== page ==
E.N. Kislovskaya,

A.N. Starikov

The Irony Principle

The paper focuses on the Irony Principle as one of the basic maxims underlying interpersonal communication. As is well-known, the Cooperation Principle (CP) and the Politeness Principle (PP) have received a detailed and systemic description in the famous papers of G. Grice (G. Grice, 1975) and G. Leech (G. Leech, 1983) accordingly whereas the Irony Principle has remained in-described as far as its inner semantic and structural organization are concerned.

However such a study is quite urgent since ironic utterances, pragmatically loaded as they are, play a very important role in interpersonal communication revealing the fact that intelligent speech is not only a sophisticated intellectual game but also sort of a hedge concealing certain attitudinal, emotional and psychic states of the speaker / writer. From this point of view irony, in all its functional varieties such as humor, wit, satire, sarcasm, is an essential feature of verbal behavior.

Because the purpose of this research is the description of the structural organization of the ironic principle, we are not dwelling on the intricate differences between the outlined functional varieties of ironic utterances even though it is of interest and, certainly, deserves attention.

It should be noticed here that the necessity of devising the Irony Principle was stressed by G. Leech who made a number of important observations while comparing it with the Principle of Politeness (G. Leech, 1983).

According to G. Leech the Irony Principle (IP) may be stated in a general form as follows:

‘If you must cause of fence, at least do so in a way which doesn’t overtly conflict with the PP, but allows the hearer (H) to arrive at the offensive point of your remark indirectly, by way of implicature: irony typically takes the form of being too obviously polite for the occasion. This can happen if speaker (S) overvalues the PP by blatantly breaking a maxim of the CP in order to uphold the PP (G. Leech, 1983, p. 82).

For example, there is an obvious breach of the Quality Maxim:

A: Geoff has just borrowed your car!

B: Well, I like that!

The implicature derived from the Irony Principle works roughly as follows in this case:

‘What B says is polite to Geoff and is clearly not true. Therefore what B really means, is, impolite to Geoff and true! – We have to admit that this is the most common pragmatic essence of Irony. Thus, it can be put in Grice’s own terms as follows. In being polite one is often faced with a clash between the Cooperation Principle and the Politeness Principle so that one has to choose how far to ‘trade off’ one against the other, but in being ironic, one exploits the PP in order to uphold, at a remotest level, the CP. A person who is being ironic appears to be deceiving or misleading the hearer (h), but in fact is indulging in an ‘honest’ form of apparent deception, at the expense of politeness (G. Leech, 1983, p. 83).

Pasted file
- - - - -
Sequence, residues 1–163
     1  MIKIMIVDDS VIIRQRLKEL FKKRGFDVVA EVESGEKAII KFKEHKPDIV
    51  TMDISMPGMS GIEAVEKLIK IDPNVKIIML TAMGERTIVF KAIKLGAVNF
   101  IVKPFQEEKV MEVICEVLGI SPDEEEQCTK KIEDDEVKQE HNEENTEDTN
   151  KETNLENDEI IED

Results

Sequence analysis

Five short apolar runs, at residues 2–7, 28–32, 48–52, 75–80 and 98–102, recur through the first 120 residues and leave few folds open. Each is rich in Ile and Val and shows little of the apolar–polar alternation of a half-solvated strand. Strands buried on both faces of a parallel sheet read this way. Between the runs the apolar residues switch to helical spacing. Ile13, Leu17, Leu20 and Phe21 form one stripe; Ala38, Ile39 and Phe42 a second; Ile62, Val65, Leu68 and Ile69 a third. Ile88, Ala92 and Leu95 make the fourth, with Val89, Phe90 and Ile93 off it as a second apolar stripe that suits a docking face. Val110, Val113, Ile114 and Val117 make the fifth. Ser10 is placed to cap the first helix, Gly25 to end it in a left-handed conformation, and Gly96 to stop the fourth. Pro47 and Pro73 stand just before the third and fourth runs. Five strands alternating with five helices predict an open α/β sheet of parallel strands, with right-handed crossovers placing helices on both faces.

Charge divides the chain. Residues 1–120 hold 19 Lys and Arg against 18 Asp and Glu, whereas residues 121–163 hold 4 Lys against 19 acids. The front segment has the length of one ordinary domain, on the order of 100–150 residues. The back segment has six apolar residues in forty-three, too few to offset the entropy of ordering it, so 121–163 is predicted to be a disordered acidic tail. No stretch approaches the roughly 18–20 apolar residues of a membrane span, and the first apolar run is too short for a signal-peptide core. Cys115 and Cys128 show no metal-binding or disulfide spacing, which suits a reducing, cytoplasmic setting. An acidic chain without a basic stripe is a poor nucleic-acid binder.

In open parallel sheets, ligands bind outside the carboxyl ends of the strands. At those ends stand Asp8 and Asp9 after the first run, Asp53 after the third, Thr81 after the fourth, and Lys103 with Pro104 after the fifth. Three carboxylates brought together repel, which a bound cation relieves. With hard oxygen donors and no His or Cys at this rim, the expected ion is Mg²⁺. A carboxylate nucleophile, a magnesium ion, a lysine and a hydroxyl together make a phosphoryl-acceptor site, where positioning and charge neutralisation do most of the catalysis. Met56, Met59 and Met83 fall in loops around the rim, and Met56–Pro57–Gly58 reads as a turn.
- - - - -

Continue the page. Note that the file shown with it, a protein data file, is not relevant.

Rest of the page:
As has been mentioned above, the IP coexists with the CP and the PP in the Interpersonal Rhetoric. This principle, however, is parasitic on the other two, in the following sense. The CP and the PP can be seen to be functional by direct reference to their role in promoting effective interpersonal communication, but the IP’s function can only by explained in terms of other principles. The IP is a ‘second-order’ principle which enables a speaker to be impolite while seeming to be polite; it does so by superficially breaking the CP, but ultimately upholding it (G. Leech, 1983; p. 102).

Of interest in the author’s remark that Irony varies in force from the comic irony of M. Twain to the more offensive Irony of sarcastic commands such as ‘Do help yourself’, said to someone who is too obviously helping himself already. Further on, the author admits that the IP may have a positive function in permitting aggression to manifest itself in a less dangerous verbal form than by direct criticism, insults, threats, etc. Whereas an insult can easily lead to a counter-insult, and hence to conflict, an ironic remark is less easy to answer in kind. It combines the art of attack with an apparent innocence which is a form of self-defense. The function of Irony may thus be tentatively explained as follows: if the PP breaks down it is liable to break down on both sides - direct accusations lead to counter-accusations, threat to counter-threat, and so on. But because Irony pays lip-service to the PP, it is less easy to break the PP in one’s response to it. Hence the IP keeps aggression away.

Guided by G. Leech’s reasoning we have all the grounds to believe that the Irony Principle can be devised on the basis of the CP and the PP, though the IP is dependent on the other two not in equal measure. Thus, firstly, we stick to the assumption that the PP shouldn’t be formally violated. In this respect, Irony keeps to the accepted rules of interpersonal communication and is safe enough to avoid direct conflict. Though G. Leech has clearly explained relations of the IP, we may take this for granted with reserve that S shouldn’t employ sarcastic utterances, such as ‘Do help yourself, won’t you?’ or ‘Do you always have to flick ash on the floor?’ if there is any room for social distance between S and H, for it has been stated above that such utterances might appear offensive and thus undesirable. Consequently, the PP shares the first part of its Agreement Maxim: ‘Minimize disagreement between self and other’ with the IP, and breeds the following reservations: ‘Mind social distance, show respect to the older’.